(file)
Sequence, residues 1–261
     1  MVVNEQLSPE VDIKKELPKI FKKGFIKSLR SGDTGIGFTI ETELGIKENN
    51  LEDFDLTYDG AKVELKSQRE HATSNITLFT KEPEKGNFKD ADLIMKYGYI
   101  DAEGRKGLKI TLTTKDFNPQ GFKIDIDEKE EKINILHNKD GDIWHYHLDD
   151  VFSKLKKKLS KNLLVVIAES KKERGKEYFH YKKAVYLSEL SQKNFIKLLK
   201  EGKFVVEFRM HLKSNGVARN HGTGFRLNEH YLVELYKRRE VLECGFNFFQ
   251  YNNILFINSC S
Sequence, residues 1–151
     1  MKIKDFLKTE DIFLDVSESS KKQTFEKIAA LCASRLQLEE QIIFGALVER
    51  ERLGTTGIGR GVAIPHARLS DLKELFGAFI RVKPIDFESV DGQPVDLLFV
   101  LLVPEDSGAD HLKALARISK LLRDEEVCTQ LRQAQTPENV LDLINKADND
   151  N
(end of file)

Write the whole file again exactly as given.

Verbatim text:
Sequence, residues 1–261
     1  MVVNEQLSPE VDIKKELPKI FKKGFIKSLR SGDTGIGFTI ETELGIKENN
    51  LEDFDLTYDG AKVELKSQRE HATSNITLFT KEPEKGNFKD ADLIMKYGYI
   101  DAEGRKGLKI TLTTKDFNPQ GFKIDIDEKE EKINILHNKD GDIWHYHLDD
   151  VFSKLKKKLS KNLLVVIAES KKERGKEYFH YKKAVYLSEL SQKNFIKLLK
   201  EGKFVVEFRM HLKSNGVARN HGTGFRLNEH YLVELYKRRE VLECGFNFFQ
   251  YNNILFINSC S
Sequence, residues 1–151
     1  MKIKDFLKTE DIFLDVSESS KKQTFEKIAA LCASRLQLEE QIIFGALVER
    51  ERLGTTGIGR GVAIPHARLS DLKELFGAFI RVKPIDFESV DGQPVDLLFV
   101  LLVPEDSGAD HLKALARISK LLRDEEVCTQ LRQAQTPENV LDLINKADND
   151  N